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Europe must speak up for Catalan separatists, says Puidgemont

November 7, 2017 rbksa 0
Author: 
AP
Tue, 2017-11-07 03:00
ID: 
1510075813478484100

MADRID: Ousted Catalan president Carles Puigdemont, who wants to lead a pro-independence coalition of political forces in an upcoming regional election, has criticized the passivity of European politicians in denouncing the prosecution of dismissed secessionist officials.
In an interview on Tuesday in Brussels with Catalan public radio, the separatist leader says there is an “absolute disconnect between the interests of the people and the European elites” and that Catalonia’s problem is an “issue of human rights that requires maximum attention.”
Puigdemont is fighting extradition to Spain, where other members of the ousted Cabinet have been sent to jail while awaiting the results of a probe for allegedly implementing a strategy to secede from Spain.
Spanish central authorities are now in direct control of the northeastern region, where an early election on Dec. 21 is shaping into a tight race between separatist and pro-union forces.
The civil society group that spearheaded the Catalan endeavor for secession from Spain on Tuesday called for the region’s separatist political parties to run in a “unified pro-independence ticket.”
In a statement, Assemblea Nacional Catalana said such a joint coalition should include jailed separatist activists and the members of the deposed Catalan Cabinet as candidates.
The parties were facing a midnight deadline to register an interest in forming coalitions.
But a repetition of the ousted ruling coalition of the center-right PDeCAT and the left republican ERC that also appeals to the anti-establishment CUP party seems unlikely before the deadline expires.
PDeCAT wants Puigdemont to lead a hypothetical coalition, while ERC says it will only agree if deposed and jailed Vice President Oriol Junqueras heads a ticket supported by the CUP and even far-left non-nationalists.
A recent poll by the Barcelona-based La Vanguardia newspaper predicted that the three pro-secession parties would win between 66 and 69 seats in December. Sixty-eight seats are needed for a majority.
Pro-secession parties held a slim majority of 72 of 132 seats in the Catalan Parliament before it was dissolved by Spanish authorities after lawmakers passed a declaration of independence on Oct. 27.
The central government also removed Puigdemont’s Cabinet and called for a snap election to replace them.
Catalonia’s opposition leader Ines Arrimadas said on Tuesday she hoped that disillusionment among pro-independence supporters would help her Ciutadans (Citizens) party and other pro-Spanish unity groups to band together and oust the pro-secessionists.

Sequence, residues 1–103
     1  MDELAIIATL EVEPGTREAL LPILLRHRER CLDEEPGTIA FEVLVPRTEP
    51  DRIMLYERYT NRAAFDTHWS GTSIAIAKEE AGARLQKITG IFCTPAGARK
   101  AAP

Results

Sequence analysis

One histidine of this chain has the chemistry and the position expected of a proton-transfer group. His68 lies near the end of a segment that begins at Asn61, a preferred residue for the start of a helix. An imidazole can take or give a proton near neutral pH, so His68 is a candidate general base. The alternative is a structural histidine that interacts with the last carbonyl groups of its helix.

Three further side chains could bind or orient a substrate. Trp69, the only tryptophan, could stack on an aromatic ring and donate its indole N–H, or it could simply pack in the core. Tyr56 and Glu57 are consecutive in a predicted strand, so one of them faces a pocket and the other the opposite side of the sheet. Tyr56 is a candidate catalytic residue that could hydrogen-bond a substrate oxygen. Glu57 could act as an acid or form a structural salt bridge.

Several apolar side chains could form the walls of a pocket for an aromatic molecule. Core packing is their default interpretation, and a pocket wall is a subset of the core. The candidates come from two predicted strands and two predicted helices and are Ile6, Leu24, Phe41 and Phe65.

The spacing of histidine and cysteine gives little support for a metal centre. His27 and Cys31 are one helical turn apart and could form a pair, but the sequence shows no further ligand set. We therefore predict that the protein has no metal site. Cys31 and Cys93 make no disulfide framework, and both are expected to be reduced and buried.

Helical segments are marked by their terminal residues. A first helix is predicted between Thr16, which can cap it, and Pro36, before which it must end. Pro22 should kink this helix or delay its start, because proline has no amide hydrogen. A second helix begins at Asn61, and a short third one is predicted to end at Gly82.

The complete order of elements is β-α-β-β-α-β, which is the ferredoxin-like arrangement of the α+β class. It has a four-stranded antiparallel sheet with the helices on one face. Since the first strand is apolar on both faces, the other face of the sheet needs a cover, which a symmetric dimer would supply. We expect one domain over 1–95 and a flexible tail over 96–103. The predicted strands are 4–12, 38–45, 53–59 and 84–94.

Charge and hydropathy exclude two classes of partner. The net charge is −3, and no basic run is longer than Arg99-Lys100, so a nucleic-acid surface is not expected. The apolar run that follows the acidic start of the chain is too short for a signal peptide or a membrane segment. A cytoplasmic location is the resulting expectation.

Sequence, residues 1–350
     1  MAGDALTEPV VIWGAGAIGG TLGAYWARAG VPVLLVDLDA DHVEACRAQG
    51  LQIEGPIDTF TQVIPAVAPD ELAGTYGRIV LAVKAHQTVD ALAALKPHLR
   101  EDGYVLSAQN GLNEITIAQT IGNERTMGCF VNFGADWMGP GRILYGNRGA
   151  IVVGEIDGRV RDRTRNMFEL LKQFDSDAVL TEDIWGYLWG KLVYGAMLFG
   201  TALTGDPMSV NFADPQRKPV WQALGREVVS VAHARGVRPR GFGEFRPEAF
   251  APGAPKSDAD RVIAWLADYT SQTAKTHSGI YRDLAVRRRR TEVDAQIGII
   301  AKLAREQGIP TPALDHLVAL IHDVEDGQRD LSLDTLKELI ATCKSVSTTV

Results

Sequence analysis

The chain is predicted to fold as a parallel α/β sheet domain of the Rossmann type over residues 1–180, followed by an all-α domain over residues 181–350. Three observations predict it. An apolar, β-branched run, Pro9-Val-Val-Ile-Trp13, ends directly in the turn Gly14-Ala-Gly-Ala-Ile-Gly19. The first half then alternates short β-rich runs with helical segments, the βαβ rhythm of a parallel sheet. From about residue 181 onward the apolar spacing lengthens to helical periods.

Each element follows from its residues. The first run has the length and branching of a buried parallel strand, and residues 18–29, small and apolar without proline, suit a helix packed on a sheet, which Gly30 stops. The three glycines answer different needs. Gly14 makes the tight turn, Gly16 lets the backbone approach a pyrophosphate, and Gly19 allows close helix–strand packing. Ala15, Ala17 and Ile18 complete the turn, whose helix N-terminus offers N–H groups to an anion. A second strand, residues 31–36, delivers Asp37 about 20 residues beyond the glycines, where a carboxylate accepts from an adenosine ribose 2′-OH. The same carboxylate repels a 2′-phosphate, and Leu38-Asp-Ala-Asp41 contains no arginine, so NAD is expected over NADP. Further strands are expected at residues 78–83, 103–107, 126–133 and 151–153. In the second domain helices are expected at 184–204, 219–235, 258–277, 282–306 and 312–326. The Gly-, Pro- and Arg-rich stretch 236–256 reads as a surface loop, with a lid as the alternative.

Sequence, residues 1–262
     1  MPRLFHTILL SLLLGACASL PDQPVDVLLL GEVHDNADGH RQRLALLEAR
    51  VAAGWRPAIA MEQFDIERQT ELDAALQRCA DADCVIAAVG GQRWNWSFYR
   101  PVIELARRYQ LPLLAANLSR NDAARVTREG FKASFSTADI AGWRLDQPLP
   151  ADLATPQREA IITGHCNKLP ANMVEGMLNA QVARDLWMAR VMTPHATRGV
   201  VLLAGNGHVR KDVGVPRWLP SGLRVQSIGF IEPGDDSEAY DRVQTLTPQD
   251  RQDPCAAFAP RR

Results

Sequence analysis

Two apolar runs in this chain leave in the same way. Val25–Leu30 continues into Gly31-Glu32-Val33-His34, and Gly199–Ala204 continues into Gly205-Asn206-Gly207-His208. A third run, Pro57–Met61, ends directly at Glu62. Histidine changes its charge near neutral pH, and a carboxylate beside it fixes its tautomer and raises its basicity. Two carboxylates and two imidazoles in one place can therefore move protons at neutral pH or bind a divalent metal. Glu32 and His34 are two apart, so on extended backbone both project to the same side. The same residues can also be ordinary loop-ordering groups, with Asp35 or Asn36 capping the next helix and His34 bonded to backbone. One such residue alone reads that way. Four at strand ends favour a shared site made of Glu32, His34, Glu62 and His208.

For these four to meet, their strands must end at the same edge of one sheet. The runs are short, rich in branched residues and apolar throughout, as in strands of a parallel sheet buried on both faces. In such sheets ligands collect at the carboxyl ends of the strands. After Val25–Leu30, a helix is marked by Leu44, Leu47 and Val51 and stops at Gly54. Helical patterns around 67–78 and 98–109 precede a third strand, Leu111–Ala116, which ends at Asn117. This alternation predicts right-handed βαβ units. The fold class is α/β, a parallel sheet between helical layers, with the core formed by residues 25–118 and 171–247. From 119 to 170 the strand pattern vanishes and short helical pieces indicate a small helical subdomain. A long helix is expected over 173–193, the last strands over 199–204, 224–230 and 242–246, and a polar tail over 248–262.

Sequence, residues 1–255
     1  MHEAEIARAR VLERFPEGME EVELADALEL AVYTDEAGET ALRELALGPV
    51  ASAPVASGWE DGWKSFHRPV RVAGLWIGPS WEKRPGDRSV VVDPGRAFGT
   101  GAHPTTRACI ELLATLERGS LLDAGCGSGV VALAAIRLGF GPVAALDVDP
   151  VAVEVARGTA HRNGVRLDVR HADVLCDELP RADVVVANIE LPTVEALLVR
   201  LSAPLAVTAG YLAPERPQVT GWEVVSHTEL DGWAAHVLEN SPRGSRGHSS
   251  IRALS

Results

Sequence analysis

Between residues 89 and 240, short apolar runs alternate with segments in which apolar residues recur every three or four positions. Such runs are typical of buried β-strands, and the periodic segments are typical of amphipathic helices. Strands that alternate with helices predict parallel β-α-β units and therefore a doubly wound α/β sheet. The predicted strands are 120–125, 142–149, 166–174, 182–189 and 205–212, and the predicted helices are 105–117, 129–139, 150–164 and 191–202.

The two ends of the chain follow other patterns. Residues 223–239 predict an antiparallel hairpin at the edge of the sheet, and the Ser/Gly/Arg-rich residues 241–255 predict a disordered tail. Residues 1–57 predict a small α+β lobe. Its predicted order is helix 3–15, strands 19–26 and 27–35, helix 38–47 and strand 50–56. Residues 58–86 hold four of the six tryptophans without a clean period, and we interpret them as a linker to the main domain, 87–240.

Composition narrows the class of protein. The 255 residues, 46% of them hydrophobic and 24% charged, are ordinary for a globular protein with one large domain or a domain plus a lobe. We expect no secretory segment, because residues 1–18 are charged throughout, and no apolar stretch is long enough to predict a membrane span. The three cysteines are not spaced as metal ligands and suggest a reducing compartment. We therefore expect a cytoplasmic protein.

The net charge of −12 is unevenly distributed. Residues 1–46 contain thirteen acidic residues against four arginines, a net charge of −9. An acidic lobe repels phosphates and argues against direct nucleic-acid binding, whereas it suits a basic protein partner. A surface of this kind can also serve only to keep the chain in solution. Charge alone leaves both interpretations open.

Arrimadas, 36, said secessionist parties will have no credibility if they again promise a bright future for Catalonia’s independence.
She said no country recognized their secession declaration on Oct. 27, the EU insists independent Catalonia will be expelled and thousands of businesses have since moved their headquarters from the region.
Arrimadas, whose party holds 25 seats in the 135-deputy Catalan parliament, said “demoralization” among the pro-independence camp and mobilization of unionist parties could help swing the balance in Spain’s favor.
Meanwhile, judges are also gauging possible rebellion charges against the former Catalan separatist officials and lawmakers who made the vote possible. Eight former Cabinet members including Junqueras have been jailed, one of them released on bail and five more, including Puigdemont, are in Belgium where they plan to campaign while fighting extradition to Spain.
Six lawmakers, including the regional parliament’s speaker Carme Forcadell, could also be sent to jail as soon as Thursday after they testify before a Supreme Court judge on a similar probe. They face possible charges of rebellion, sedition and embezzlement, which can be punished with up to 30 years in prison.
Catalan separatist parties are planning to include some of the officials in ballots as a way to draw more attention to a situation that they consider unjust. Lawyers are also arguing that the officials should be spared jail before trial because running for a parliamentary seat means that they have no intention of fleeing the country.

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Catalonia’s ex-leader urges unity as deadline for secessionist pact nears

November 7, 2017 rbksa 0
Author: 
Reuters
Tue, 2017-11-07 13:44
ID: 
1510052383716146300

MADRID: Catalonia’s deposed leader Carles Puigdemont on Tuesday urged the region’s political forces to unite against Spain, as hours remained for him to agree terms for an electoral pact with other pro-independence parties.
Puigdemont went into self-imposed exile in Belgium last month after Spain’s central government fired his secessionist administration, dissolved the Catalan parliament and called an election in the region for Dec 21.